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Question DetailsAsked on 5/4/2016

When should a gas valve be replaced on a water heater . Changed thermocouple but pilot still goes off after one day

Whirlpool water about 5 years old

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2 Answers

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Replace it when it fails - which in probably about 90-95+% of the time is not before the water heater needs to be replaced due to rust or leakage.


OK - to be serious - if it goes for a day before it shuts down, I really would NOT think this is a gas control valve issue - that would usually be an immediate failure, and eveary time it tries to fire, not intermittent as a day's run would imply (as it probably fired a half dozen times or more in that timeframe).


Seem to be a fair number of this type of complaint on Whirlpool and Rheem water heaters, google following search phrase for blogs and articles on it - whirlpool water heater pilot going out after a day


I would be looking at the pilot being blown out by a draft (maybe when a furnace or other appliance on the same flue kicks on or due to high wind blowing over the flue above the roof and creating a vacuum draft ?), the gas burners blowing out the pilot because the draft guard (the curved metal "finger" the pilot flame reaches up into) is oriented so the air being pulled in by the burner is putting it out, the thermocouple being only marginally in the pilot flame so during a draft it cools down enough to shut off the gas control valve, a bad contact where the thermocouple goes up into the gas control valve, with a few type thermocouples touching metal along its route (in a few mostly older types the tubing is "live"), or a safety device like a combustion chamber overtemp shutoff or flame rollout sensor kicking in (properly or because it is bad).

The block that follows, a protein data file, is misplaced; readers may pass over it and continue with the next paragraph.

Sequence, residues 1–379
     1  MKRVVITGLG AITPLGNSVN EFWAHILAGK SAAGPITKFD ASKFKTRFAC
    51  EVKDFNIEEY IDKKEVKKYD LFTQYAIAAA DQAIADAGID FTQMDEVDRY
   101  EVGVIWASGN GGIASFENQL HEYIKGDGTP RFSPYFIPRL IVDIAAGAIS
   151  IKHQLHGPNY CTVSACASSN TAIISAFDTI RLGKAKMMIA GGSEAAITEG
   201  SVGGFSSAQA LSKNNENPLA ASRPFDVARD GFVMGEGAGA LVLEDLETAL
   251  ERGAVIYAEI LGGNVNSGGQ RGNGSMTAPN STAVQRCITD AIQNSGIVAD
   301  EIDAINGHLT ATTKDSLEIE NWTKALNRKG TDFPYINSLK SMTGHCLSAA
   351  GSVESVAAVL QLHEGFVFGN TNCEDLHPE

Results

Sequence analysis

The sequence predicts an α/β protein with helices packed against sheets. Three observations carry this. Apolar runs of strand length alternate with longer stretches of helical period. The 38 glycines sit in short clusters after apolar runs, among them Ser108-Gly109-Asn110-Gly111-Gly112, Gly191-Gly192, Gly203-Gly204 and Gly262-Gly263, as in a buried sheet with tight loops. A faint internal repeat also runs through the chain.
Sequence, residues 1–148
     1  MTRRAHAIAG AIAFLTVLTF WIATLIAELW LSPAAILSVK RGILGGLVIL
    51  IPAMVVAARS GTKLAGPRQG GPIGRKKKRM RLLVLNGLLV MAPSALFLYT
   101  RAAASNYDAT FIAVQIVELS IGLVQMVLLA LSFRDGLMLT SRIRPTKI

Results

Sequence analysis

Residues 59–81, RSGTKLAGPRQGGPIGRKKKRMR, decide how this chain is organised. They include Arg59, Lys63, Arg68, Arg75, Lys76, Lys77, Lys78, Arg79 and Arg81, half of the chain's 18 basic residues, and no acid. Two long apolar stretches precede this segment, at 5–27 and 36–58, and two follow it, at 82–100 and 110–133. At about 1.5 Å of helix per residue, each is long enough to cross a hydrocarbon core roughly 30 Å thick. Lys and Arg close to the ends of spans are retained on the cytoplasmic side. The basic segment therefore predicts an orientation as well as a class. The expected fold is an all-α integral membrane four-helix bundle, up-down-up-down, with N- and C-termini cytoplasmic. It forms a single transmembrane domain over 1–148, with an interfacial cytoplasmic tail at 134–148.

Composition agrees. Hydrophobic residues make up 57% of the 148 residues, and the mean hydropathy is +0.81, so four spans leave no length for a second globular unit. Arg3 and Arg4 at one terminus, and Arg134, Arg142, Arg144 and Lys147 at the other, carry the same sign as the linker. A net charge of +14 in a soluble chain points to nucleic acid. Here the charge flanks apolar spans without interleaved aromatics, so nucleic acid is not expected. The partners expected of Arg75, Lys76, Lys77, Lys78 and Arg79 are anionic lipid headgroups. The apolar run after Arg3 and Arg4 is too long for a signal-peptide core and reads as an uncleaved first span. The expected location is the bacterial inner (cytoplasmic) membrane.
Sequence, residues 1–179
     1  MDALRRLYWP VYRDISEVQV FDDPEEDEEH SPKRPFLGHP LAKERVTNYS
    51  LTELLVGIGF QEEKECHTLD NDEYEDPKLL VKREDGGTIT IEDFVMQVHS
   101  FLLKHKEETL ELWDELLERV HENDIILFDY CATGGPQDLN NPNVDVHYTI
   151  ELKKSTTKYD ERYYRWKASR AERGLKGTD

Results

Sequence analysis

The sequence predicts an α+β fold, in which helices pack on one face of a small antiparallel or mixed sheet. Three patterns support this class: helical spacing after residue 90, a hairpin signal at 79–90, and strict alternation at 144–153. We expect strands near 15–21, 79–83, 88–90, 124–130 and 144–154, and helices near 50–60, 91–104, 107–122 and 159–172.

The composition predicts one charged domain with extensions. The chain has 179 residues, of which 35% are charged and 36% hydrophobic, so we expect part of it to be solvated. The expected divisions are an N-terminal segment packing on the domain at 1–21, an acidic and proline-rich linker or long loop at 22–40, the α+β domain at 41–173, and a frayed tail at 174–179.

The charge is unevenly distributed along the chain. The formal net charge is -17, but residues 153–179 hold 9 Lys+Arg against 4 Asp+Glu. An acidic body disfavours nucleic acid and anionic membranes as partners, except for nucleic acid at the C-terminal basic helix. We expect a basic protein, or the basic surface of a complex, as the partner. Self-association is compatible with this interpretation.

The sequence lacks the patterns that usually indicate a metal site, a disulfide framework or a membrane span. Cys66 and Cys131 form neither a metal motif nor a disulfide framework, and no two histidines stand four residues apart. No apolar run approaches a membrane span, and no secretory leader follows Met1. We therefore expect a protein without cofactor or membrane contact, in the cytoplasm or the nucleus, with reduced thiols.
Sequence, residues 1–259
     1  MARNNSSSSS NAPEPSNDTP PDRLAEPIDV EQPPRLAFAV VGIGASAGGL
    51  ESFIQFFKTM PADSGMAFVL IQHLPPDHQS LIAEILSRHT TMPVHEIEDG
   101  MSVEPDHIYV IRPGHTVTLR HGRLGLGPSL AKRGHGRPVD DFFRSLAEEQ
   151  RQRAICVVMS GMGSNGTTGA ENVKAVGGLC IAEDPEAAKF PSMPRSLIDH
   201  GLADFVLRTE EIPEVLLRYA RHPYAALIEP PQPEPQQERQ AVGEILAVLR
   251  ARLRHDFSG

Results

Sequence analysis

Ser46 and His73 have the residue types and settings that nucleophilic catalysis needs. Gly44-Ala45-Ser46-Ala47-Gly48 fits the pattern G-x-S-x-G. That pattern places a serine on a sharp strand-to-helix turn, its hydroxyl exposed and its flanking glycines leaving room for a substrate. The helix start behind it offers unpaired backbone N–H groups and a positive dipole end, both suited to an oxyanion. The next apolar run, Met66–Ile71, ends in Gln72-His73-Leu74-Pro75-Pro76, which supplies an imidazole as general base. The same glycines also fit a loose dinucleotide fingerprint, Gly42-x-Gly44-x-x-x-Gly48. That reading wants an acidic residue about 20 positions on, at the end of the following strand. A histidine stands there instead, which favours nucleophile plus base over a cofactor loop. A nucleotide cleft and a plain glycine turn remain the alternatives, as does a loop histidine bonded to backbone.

If a newer type with LED indicator could be the thermal "pile" - the piezoelectric generator it runs off of - is failing to provide enough voltage to operate reliably.


Or if a high-efficiency unit with forced draft flue blower unit, a bad pressure sensor or a damper failing to open or fan failing to kick on every time, or outside wind blowing into/across the flue and disturbing the pressure sensor - this is quite common on units without an extended downleg on the flue exhaust end.


If a newer unit with LED light on the panel, check your owner's manual regarding the flashing sequence code and what it means.


An experienced technician (might take a Heating and A/C tech rather than a plumber) should be able to test the voltage and resistance/inductance on the gas valve to see if it reads right, and check the thermocouple and pile (if any) AT OPERATING CONDITIONS to see it is putting out the right voltage. Of course, if you leave it sit after it goes out until the tech comes, he can also check sensors to see if one of them kicked out.

Answered 2 years ago by LCD

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Answered 2 years ago by Member Services




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